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Waterlogged Cars to Flood Scrapyards Once Harvey Dries Up

Image: Waterlogged Cars to Flood Scrapyards Once Harvey Dries Up

An abandoned car near Houston, Texas. (Cal Sport Media via AP Images)

By    |   Wednesday, 30 Aug 2017 10:31 AM

A half-million waterlogged cars, trucks, and other vehicles may be left for scrap after Hurricane Harvey, which has caused record flooding throughout Southeast Texas, including vehicle-happy Houston, CNBC reported.

Some of them could come back to life and be for sale, so buyer beware.

The total number of vehicles expected to sustain substantial water damage from the hurricane is being estimated at 500,000, according to Cox Automotive, twice the number that were scrapped after Hurricane Sandy.

CNBC noted that while the New York metropolitan area has more residents than Houston, the number of vehicles per household in Houston and surrounding areas are much higher.

"This is worse than Hurricane Sandy," Jonathan Smoke, chief economist for Cox Automotive, told CNBC. "Sandy was bad, but the flooding with Hurricane Harvey could impact far more vehicles."

The Detroit News said on Tuesday that Texas is the auto industry's second-largest market in the nation, behind California, with the flood water not just affecting motorists, but dealers with soaked inventory.

"We've only just begun to get to a handful of our stores," Marc Cannon, AutoNation's executive vice president and chief marketing officer, told the News. "It's an exercise of going store-by-store and car-by-car so we can access the damage and figure out what needs to be done.”

"It's a fluid situation. It's still raining there. This is a unique, huge situation that has engulfed that whole community."

Once the flood waters recede, dealing with the water-damaged vehicle will represent a challenge to customers and sellers. CNBC said that while the resale of repaired flooded cars is not illegal, sellers must disclose flood damage to potential customers.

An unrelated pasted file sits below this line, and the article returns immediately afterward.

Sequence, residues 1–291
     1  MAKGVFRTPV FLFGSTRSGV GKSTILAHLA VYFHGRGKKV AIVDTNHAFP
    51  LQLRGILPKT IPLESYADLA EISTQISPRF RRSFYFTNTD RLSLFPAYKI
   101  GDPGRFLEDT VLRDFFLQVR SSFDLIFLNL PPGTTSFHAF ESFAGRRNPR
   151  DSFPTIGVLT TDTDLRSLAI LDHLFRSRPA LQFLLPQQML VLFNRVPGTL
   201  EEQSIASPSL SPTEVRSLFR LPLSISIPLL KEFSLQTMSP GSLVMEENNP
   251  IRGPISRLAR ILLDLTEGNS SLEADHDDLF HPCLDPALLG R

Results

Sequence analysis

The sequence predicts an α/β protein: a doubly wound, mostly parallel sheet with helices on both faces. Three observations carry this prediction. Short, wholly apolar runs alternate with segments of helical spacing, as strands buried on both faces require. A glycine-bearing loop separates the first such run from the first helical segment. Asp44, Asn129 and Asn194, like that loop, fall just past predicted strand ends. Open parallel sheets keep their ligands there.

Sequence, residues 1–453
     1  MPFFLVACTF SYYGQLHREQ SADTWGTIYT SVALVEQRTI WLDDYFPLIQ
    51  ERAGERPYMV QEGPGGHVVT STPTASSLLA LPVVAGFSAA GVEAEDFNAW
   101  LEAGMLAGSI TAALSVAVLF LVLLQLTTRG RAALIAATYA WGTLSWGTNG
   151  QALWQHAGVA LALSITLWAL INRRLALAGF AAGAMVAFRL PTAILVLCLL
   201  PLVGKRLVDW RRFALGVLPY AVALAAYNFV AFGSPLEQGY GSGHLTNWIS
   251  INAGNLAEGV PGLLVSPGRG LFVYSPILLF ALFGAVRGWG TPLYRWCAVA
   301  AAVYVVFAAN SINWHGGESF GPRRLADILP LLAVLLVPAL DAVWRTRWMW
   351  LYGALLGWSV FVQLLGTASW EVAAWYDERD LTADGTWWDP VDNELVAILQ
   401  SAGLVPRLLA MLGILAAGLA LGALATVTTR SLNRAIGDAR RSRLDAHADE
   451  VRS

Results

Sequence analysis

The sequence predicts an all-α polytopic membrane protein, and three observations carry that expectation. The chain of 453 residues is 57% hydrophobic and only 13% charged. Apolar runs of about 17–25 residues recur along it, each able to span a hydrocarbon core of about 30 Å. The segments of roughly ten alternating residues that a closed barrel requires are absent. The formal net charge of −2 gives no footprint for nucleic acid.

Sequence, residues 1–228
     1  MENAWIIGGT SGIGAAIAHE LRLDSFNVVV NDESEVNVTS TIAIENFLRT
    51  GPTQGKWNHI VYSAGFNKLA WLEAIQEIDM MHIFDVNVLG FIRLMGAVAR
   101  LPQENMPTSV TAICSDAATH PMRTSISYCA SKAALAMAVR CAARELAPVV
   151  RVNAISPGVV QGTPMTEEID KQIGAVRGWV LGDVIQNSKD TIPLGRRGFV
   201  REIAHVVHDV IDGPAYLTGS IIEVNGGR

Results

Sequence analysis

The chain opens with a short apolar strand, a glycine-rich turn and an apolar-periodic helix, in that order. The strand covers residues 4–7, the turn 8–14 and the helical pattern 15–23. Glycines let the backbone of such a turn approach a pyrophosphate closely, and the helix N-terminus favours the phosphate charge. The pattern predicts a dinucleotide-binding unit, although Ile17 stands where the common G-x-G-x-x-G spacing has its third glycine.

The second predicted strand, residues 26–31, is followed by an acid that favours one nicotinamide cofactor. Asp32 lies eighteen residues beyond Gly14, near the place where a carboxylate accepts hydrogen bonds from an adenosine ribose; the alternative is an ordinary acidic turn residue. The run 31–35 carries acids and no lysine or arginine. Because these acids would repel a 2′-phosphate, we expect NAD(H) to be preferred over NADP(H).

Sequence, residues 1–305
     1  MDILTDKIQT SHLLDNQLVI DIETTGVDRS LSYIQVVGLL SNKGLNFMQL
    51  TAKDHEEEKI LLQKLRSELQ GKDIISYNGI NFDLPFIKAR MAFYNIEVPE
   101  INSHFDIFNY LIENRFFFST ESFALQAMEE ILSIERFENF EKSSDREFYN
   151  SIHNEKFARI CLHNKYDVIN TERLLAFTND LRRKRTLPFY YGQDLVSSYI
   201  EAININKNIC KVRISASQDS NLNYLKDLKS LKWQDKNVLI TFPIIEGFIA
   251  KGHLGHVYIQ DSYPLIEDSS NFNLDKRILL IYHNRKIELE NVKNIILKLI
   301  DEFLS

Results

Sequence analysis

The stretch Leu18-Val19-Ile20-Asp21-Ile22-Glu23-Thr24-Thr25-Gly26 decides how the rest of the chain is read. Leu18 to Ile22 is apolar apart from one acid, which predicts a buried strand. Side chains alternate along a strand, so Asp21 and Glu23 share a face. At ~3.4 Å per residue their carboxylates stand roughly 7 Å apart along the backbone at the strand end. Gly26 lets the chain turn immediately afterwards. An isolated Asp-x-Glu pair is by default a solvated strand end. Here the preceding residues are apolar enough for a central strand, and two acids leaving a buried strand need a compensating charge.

Buyer beware problems cropped up in the aftermath of Hurricane Katrina, when thousands of rebuilt flood vehicles were sold to unsuspecting buyers with titles that had been washed or reissued in a different state, CNBC reported.

"We didn't see this on a huge scale until Hurricane Katrina," Frank Scafidi, with the National Insurance Crime Bureau, told CNBC. "Since then the public awareness of the problem is greater, but with thousands of flooded vehicles it's hard to prevent this from happening."

Karen Phillips, general counsel for the Texas Automobile Dealers Association, told the Detroit News that flooded vehicles at auto lots will be inspected by insurance companies to determine if they are "undeliverable" and need to be demolished or receive a "salvage" title to alert potential buyers of the fact it had been damaged.

"Fortunately, the consumer protections have improved over time, but this ongoing tragedy is a reminder for all shoppers to be vigilant and diligent when purchasing a used car," Jeff Bartlett, deputy editor for autos at Consumer Reports, told the newspaper. "And to factor an inspection by a professional mechanic who is not associated with the sale."

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A half-million waterlogged cars, trucks, and other vehicles may be left for scrap after Hurricane Harvey, which has caused record flooding in vehicle-happy Houston, Texas.
waterlogged, cars, scrapyard, harvey
Wednesday, 30 Aug 2017 10:31 AM
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